“I don’t think you can crush the US housing market and global banking sector, replace it with central bank liquidity on an unprecedented scale, see historically high and sticky unemployment, and witness rolling mini-crises of sovereign debt concerns without thinking that the landscape is going to be very different for a long time,” he writes.

Most of what I hear from really thoughtful people makes me very pessimistic about the long-term prospects for investment. My bad habit of not putting as much money in my retirement as I meant to (hey, everyone does it) has started to look shrewd.

Making calculation social. Or, how the iPad might reshape financial markets

The always-interesting Daniel Beunza has an excellent post on socializing finance asking "What possibilities does a tactile, mobile device like the iPad bring to securities trading?"

I’ll venture a guess. By bringing together calculation and social interaction, numbers and people, judgement and logic, the iPad may rejuvenate financial exchanges, making them more calculative. And also reinvigorate trading rooms in banks, freeing arbs from their chains of their desks….

New affordances create new needs. The challenge is to imagine those needs before they arise. Interestingly, Steve Jobs does not get this simple point. Or at least that’s what I got from watching his presentation of the iPad. For the tablet to be justified, Jobs said, it should let you browse the web better than a computer and a phone. Actually, it’s the opposite. The tablet should focus on new things that only a widescreen mobile wireless device can do. Social web browsing, for instance. Or situated problem-solving. Marrying mobility and Excel, flicker and pubs.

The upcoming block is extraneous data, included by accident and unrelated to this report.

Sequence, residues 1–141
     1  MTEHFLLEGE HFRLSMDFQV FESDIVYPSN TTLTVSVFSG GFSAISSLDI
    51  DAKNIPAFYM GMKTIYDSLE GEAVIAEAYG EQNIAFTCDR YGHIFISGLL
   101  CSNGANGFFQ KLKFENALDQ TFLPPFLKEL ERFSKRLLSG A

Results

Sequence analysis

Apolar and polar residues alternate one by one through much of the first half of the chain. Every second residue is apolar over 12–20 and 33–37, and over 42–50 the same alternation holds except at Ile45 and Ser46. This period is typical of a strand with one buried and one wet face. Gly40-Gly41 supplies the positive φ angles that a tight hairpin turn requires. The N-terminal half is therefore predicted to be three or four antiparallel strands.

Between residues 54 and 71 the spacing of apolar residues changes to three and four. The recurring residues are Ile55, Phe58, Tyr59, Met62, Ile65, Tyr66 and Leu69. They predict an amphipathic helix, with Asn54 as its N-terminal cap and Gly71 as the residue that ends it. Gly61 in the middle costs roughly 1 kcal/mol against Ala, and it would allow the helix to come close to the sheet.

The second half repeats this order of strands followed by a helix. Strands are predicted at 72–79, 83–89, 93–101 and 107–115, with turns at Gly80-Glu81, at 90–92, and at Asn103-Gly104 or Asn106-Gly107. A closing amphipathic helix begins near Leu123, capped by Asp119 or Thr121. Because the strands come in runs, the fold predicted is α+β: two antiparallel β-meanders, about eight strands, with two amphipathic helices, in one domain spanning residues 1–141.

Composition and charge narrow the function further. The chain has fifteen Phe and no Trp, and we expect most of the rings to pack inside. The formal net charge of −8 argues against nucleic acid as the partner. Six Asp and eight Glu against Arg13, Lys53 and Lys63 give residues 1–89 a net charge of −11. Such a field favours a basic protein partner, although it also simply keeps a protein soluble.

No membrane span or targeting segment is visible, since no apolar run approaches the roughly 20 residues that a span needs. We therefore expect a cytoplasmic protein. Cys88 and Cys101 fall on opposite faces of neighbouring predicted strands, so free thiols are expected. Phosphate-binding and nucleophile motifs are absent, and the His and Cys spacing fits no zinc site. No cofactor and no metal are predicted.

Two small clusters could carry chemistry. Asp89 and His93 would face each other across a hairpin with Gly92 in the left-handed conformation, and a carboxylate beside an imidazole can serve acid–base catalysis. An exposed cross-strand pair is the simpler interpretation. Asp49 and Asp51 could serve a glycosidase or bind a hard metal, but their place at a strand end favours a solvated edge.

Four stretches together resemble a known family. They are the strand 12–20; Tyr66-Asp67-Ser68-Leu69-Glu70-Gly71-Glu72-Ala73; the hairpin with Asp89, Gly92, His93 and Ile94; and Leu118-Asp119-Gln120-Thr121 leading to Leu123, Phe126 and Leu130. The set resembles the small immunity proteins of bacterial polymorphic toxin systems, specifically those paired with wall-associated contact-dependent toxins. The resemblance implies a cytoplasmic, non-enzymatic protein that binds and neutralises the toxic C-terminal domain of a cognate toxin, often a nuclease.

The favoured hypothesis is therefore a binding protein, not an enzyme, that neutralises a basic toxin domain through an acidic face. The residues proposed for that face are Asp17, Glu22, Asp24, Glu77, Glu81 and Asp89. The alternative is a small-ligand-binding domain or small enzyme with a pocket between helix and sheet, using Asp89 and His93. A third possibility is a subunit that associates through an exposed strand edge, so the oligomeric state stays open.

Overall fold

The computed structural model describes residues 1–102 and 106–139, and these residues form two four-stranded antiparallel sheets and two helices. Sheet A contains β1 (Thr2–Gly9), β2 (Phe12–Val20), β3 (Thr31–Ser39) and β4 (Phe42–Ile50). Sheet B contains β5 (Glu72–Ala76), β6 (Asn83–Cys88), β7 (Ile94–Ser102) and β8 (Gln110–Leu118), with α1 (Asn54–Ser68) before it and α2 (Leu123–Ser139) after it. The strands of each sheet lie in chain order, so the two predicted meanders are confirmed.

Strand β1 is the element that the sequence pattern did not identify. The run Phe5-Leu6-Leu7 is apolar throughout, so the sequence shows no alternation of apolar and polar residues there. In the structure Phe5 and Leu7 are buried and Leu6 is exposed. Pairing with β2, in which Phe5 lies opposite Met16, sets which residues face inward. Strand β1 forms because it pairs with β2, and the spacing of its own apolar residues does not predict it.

The whole thing is well worth reading. To me, it's a very nice example of how people interested in information technology and the future should think: a thoughtfulness about the many and various (and sometimes contradictory) ways technologies are used in the workplace, an awareness of the importance of affordances and ergonomics, and a willingness to think about the various ways technologies could play out in a context. Far too often futurists think about technology's impact in terms that are at once overly narrow and overreaching– e.g., "the next turn of Moore's Law will bring about a collapse of the pet food industry!"– and don't do justice to contingency and agency.

One last high-frequency trading post for the day

Even though this is a perfect illustration of things I talk about in the book, I'll do one more round of quotes (which'll find their way into the book), then turn to other things.

First, via Andymatic, this piece from Ars Technica:

The Matrix, but with money: the world of high-speed trading